4ms Easy C++ Solution with Explanations


  • 29

    The key to this problem is how to identify strings that are in the same shifting sequence. There are different ways to encode this.

    In the following code, this manner is adopted: for a string s of length n, we encode its shifting feature as "s[1] - s[0], s[2] - s[1], ..., s[n - 1] - s[n - 2],".

    Then we build an unordered_map, using the above shifting feature string as key and strings that share the shifting feature as value. We store all the strings that share the same shifting feature in a vector. Well, remember to sort the vector since the problem requires them to be in lexicographic order :-)

    A final note, since the problem statement has given that "az" and "ba" belong to the same shifting sequence. So if s[i] - s[i - 1] is negative, we need to add 26 to it to make it positive and give the correct result. BTW, taking the suggestion of @StefanPochmann, we change the difference from numbers to lower-case alphabets using 'a' + diff.

    The code is as follows.

    class Solution {
    public:
        vector<vector<string>> groupStrings(vector<string>& strings) {
            unordered_map<string, vector<string> > mp;
            for (string  s : strings)
                mp[shift(s)].push_back(s);
            vector<vector<string> > groups;
            for (auto m : mp) {
                vector<string> group = m.second;
                sort(group.begin(), group.end());
                groups.push_back(group);
            }
            return groups;
        }
    private:
        string shift(string& s) {
            string t;
            int n = s.length();
            for (int i = 1; i < n; i++) {
                int diff = s[i] - s[i - 1];
                if (diff < 0) diff += 26;
                t += 'a' + diff + ',';
            }
            return t;
        }
    };

  • 0

    Nice solution. And I see you're embracing range-based loops now :-)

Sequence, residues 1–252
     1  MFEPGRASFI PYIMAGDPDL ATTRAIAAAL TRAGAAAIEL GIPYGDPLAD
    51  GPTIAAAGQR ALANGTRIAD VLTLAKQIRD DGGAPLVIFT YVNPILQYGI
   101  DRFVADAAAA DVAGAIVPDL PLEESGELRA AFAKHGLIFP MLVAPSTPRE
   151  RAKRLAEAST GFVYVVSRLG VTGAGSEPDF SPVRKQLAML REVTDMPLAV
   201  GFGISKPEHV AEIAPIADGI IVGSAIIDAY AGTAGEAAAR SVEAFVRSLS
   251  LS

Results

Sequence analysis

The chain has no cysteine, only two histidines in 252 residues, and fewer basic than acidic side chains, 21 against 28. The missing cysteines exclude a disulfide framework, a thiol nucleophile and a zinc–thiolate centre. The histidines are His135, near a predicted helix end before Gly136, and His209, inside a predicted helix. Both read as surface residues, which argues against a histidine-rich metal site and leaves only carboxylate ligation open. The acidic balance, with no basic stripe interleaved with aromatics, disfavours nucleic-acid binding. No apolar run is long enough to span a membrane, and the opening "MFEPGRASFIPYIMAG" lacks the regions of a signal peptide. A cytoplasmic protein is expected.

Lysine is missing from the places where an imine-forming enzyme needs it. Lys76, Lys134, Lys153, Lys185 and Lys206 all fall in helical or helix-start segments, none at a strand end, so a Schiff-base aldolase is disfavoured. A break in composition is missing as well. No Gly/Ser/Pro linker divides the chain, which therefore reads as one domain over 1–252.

Just one idea that's shorter and I guess slightly faster: t += 'a' + diff;. But your way is of course fine as well.


  • 1

    Hi, Stefan. I try your suggestion and the code just takes 4 ms, actually much faster than using to_string :-)

    But I guess it would be much safer to add an additional ,. For example, if not using the , for separation, both "az" and "ach" will have the same shifting feature "25". So I use t += 'a' + diff + ','.


  • 1

    if not using the "," for separation, both "az" and "ach" will have the same shifting feature "25"

    No, "az" becomes "z" and "ach" becomes "cf". Not "25".


  • 0

    Oh, yeah. I see now. Since it is added by a and becomes a character, the problem is automatically fixed :-)


  • 0

    I'm not sure that adding 'a' is necessary. It does get accepted without. But I'm a little afraid at least of the null character, as that at least in C denotes the end of a string and I don't know how C++ handles it. So I added 'a' to be on the safe side and because it's just nicer in case anyone ever looks at the strings (like for debugging).


  • 0

    Hi, Stefan. I guess C++ will handle it as we desire. I test the code without adding 'a' using the test case strings = ["a", "aa", "ac", "acc"] and C++ just groups each of them into a single group, as it should.


  • 0